I need to compute a pi approximation with the MadhavaLeibniz series. http://en.wikipedia.org/wiki/Leibniz it takes in user input and iterates the series that many times for precision. I need to output it as a double to 15 digets but the only thing I get out is 4 every time. I know the issue is in the mySum function because when I debug it, sum never changes after the first iteration.
#include<iostream>
using std::cin;
using std::cout;
using std::endl;
#include <iomanip> // To access cout formatting settings
using std::setprecision;
// Function prototypes, used to make the main function "clean"
double mySum(int user_input);
int myProduct(int k);
int myPrompt(void);
void myPrint(double result);
int main()
{
int user_input;
double result;
do
{
user_input = myPrompt();
}while (user_input < 0);
result = mySum(user_input);
myPrint(result);
return 0;
}
int myPrompt(void)
{
int user_input;
cout << "Enter a non-negative integer: ";
cin >> user_input;
return user_input;
}
double mySum(int user_input)
{
double sum = 0;
int k;
for(int k = 0; k <= user_input; k++)
{
sum = sum + (4 * (((myProduct(k))/((2 * k) + 1))));
}
return sum;
}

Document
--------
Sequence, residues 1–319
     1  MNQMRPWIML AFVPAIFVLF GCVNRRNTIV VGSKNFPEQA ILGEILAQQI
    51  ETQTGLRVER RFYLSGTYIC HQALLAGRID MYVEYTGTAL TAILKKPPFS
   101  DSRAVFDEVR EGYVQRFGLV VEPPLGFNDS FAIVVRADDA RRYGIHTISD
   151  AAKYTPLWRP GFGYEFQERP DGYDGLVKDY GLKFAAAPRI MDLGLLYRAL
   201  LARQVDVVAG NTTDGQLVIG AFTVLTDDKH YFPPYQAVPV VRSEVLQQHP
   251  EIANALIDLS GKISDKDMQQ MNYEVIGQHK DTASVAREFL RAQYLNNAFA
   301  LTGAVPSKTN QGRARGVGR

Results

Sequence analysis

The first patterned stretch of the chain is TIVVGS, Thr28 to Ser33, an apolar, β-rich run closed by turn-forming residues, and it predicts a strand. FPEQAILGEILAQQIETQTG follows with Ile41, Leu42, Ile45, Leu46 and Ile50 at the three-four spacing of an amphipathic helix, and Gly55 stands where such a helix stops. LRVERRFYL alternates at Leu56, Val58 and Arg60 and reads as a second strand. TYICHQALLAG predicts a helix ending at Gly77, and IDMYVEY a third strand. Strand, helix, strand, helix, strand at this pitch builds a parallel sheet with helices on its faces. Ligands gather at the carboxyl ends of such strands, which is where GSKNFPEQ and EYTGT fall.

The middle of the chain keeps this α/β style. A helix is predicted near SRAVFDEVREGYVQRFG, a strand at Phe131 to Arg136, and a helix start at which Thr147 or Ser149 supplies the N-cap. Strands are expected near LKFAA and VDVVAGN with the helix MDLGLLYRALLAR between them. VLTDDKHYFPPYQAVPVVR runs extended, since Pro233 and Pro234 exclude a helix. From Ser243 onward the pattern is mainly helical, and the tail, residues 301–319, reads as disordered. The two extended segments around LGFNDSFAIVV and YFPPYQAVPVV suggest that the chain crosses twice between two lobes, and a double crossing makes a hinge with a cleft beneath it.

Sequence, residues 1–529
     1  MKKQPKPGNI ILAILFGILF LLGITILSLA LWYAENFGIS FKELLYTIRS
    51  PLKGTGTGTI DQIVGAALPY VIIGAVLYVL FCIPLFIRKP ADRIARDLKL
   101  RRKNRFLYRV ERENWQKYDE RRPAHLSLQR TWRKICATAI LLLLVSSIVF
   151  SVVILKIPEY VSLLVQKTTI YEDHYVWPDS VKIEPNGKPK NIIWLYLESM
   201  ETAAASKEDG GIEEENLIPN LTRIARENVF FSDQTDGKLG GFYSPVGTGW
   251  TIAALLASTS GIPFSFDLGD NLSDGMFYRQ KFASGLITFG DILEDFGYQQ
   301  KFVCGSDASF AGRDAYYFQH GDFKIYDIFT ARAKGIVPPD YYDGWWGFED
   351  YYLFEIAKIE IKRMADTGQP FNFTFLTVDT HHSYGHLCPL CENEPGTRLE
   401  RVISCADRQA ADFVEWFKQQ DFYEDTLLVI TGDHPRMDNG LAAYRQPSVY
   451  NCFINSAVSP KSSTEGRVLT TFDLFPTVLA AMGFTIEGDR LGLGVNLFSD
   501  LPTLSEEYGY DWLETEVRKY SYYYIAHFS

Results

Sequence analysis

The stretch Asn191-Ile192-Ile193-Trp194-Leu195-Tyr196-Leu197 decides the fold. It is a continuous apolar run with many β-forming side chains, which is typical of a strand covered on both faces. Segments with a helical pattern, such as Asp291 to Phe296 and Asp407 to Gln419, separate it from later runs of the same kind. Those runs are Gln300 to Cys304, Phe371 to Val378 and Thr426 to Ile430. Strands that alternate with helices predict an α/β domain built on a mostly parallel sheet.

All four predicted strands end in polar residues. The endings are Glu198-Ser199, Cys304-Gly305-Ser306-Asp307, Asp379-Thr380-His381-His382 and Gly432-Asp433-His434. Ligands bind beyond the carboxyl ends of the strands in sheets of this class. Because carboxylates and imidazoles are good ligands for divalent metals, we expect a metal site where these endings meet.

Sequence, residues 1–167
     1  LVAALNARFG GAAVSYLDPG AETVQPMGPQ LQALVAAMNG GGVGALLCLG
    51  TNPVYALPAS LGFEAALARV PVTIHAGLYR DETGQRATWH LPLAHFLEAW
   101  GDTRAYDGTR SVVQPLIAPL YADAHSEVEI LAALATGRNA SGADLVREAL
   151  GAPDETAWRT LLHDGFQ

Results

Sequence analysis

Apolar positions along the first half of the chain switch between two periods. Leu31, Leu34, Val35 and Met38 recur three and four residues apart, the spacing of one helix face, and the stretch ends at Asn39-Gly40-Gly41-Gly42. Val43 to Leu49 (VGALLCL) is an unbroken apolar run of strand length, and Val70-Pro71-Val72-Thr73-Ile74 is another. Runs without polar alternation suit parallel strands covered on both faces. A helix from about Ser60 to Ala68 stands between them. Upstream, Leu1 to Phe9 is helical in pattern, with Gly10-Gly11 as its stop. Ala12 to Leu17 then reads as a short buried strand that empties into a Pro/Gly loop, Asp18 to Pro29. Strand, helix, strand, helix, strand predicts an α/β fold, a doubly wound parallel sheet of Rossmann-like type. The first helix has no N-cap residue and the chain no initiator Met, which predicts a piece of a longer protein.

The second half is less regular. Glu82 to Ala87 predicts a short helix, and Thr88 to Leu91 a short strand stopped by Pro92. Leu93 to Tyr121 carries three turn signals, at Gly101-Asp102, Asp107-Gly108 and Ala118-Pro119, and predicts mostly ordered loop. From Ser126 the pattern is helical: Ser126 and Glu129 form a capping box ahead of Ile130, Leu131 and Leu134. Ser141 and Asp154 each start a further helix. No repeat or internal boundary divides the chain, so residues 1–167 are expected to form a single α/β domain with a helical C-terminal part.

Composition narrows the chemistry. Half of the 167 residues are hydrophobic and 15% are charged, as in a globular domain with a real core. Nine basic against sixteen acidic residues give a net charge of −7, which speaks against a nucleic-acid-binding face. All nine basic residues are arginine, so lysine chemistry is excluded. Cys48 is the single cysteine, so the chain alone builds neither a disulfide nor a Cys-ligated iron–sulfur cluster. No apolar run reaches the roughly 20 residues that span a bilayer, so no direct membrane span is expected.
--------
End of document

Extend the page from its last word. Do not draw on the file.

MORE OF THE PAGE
int myProduct(int k)
{
if (k % 2 == 0)
{
return 1;
}
else
{
return -1;
}
}
void myPrint(double result)
{
cout << "Approximation of pi is "<< setprecision(15) << result << endl;
}
Presumably, the user_input is supposed to a positive number. But look at your do... while loop: what is that loop condition doing? When will that loop ever execute more than once?
Why is that always going to be 1? For example when the user inputs 1...the first loop will be
sum = sum + (4 * ((1)/(2*0+1))
sum = sum + (4 * 1)
but the second iteration would be
sum = sum + (4 * ((-1)/(2*1+1))
sum = sum + (4 * (-1/3))
sum = sum - 4/3
and since the previous sum was 4...it should be equal to the result of 4 - 4/3. Why isn't it that?
setprecision(15) tells the computer to output the value to 15 significant figures. But, if there are trailing zeros, they will be suppressed.
Once you get the calculation working correctly, you should see more digits. However, you could additionally use cout << std::fixed which changes the behaviour, so that instead it will always print 15 digits (in this case) after the decimal point, regardless of how many digits appear in front of the decimal point, and even when there are trailing zeros.
One other comment. There are too many parentheses. These don't do any harm, but sure make the code hard to read. You could cut it down to (something like) this: sum = sum + 4 * myProduct(k) / (2 * k + 1);
(Of course that still includes the original error, but we already discussed that.)